License for Public Schools, Community Groups, Governmental Agencies, College/Universities, Educational Institutions, Conferences, National Non-Profits & For-Profit Institutions
This PPR* license is intended for a one-time, non-admission screening event for up to 150 people where no admission is charged.
If the attendance will exceed 150 people, please contact firstname.lastname@example.org for pricing options.
With this option, NO ADMISSION CAN BE CHARGE, however your organization can:
1) accept donations to defray cost of license.
**Please email email@example.com with subject line: TELL MY STORY – PPR – VIRTUAL with the details of your screening in order to receive the license by email and promotional materials including a 25% off discount for purchase of DVD.**
A digital screener link (for streaming) will be set for a 24 hour window of your choice and delivered 3 days in advance.
International Requests/ Theatre owners/film buyers: For distribution and screening inquiries, please contact firstname.lastname@example.org
Click the links to find details about In Person Screening event using a DVD or for an Educational DSL.
In order to screen TELL MY STORY (or any film) to an audience, a *public performance license (PPR) is required. A PPR is meant for a public screening event but extends to: a) at your home with invited guests beyond your immediate family or what is considered “personal use” --even if you have a DVD or have purchased an On Demand option or b) screen sharing or livestreaming of online or DVD content to a group outside of your immediate household. This applies to any DVD or bonus features as well.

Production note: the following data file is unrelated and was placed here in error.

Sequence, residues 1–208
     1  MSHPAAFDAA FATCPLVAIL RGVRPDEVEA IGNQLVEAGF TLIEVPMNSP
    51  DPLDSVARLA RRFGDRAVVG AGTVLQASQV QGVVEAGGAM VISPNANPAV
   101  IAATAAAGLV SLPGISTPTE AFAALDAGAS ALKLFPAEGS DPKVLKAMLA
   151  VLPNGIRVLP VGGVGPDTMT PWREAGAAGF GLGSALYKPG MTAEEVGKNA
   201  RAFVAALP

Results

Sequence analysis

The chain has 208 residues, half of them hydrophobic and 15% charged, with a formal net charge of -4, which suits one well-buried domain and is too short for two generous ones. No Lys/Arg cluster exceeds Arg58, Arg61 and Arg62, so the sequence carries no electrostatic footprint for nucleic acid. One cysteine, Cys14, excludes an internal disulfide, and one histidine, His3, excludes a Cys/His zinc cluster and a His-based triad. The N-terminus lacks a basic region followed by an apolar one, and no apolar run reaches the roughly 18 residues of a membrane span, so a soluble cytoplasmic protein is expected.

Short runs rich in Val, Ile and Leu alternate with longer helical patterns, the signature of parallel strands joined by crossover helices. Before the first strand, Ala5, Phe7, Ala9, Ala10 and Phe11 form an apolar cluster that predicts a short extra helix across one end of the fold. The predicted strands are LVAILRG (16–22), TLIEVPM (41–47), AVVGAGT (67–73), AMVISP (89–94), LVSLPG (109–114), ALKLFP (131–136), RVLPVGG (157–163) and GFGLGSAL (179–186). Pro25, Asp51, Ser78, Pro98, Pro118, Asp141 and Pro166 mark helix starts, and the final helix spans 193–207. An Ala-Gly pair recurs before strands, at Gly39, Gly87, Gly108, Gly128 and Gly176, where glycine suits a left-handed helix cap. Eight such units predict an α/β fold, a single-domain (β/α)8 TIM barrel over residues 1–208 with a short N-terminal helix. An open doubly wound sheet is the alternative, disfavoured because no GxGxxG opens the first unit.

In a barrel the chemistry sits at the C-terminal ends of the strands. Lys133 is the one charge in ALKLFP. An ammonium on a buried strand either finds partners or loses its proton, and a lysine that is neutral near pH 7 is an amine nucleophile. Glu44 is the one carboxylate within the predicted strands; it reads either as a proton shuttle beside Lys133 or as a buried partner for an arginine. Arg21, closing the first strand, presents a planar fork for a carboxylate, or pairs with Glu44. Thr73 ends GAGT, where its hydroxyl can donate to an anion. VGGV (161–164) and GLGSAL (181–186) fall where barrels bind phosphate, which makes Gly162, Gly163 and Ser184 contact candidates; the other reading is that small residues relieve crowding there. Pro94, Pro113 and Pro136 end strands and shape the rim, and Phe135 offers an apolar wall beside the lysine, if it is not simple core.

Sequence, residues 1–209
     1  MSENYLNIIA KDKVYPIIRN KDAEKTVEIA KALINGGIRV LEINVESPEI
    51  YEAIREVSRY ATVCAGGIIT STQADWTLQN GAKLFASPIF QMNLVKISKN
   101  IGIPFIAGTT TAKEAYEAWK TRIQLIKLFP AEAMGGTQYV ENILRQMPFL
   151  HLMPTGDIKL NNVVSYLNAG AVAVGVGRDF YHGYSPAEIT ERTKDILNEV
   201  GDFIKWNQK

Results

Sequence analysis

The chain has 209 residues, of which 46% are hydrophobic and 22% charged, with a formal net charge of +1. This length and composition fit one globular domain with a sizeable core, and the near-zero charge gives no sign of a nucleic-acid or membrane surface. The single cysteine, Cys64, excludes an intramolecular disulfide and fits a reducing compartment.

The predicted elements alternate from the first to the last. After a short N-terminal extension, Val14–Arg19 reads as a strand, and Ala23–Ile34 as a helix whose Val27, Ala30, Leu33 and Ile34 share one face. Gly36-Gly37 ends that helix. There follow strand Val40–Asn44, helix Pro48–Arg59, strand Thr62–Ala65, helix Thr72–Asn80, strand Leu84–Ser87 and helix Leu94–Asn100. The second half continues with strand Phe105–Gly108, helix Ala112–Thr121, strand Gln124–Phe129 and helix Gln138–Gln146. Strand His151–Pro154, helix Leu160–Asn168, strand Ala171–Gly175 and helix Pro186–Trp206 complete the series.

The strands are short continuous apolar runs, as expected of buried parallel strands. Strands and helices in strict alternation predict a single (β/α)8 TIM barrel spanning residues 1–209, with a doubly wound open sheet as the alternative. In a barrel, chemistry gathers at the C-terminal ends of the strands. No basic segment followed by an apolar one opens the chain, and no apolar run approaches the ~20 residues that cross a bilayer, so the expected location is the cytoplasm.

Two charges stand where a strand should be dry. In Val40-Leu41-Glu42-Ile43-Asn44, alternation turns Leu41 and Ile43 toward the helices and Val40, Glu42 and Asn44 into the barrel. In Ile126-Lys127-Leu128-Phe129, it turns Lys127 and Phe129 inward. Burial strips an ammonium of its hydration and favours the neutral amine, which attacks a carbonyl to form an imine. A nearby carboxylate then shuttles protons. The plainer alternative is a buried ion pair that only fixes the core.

Since there is a sizable expense to produce and distribute a film, as well as to administer these programs, screening fees help to allay these costs and contribute towards recoupment.
2020 | Genre: Documentary | Language: English| TRT: 85 minutes | Format: 1.85:1 Widescreen, 5.1 Audio
SYNOPSIS: A grieving father seeks answers after his 14-year-old son dies by suicide. He uncovers painful truths about the lives of teens, the impact of unfettered access to internet and social media, and the shocking rise of depression among America’s youth.
The journey brings him together with young suicide survivors, prevention experts, and parents trying to understand the 70% increase in adolescent suicide. Closer to home, with his family fractured, he examines his son’s technology use to discover what no parent wants to find.
Seeking to find the warning signs that were missed, he instead finds ways to reverse the isolation and disconnectedness that is killing our youth.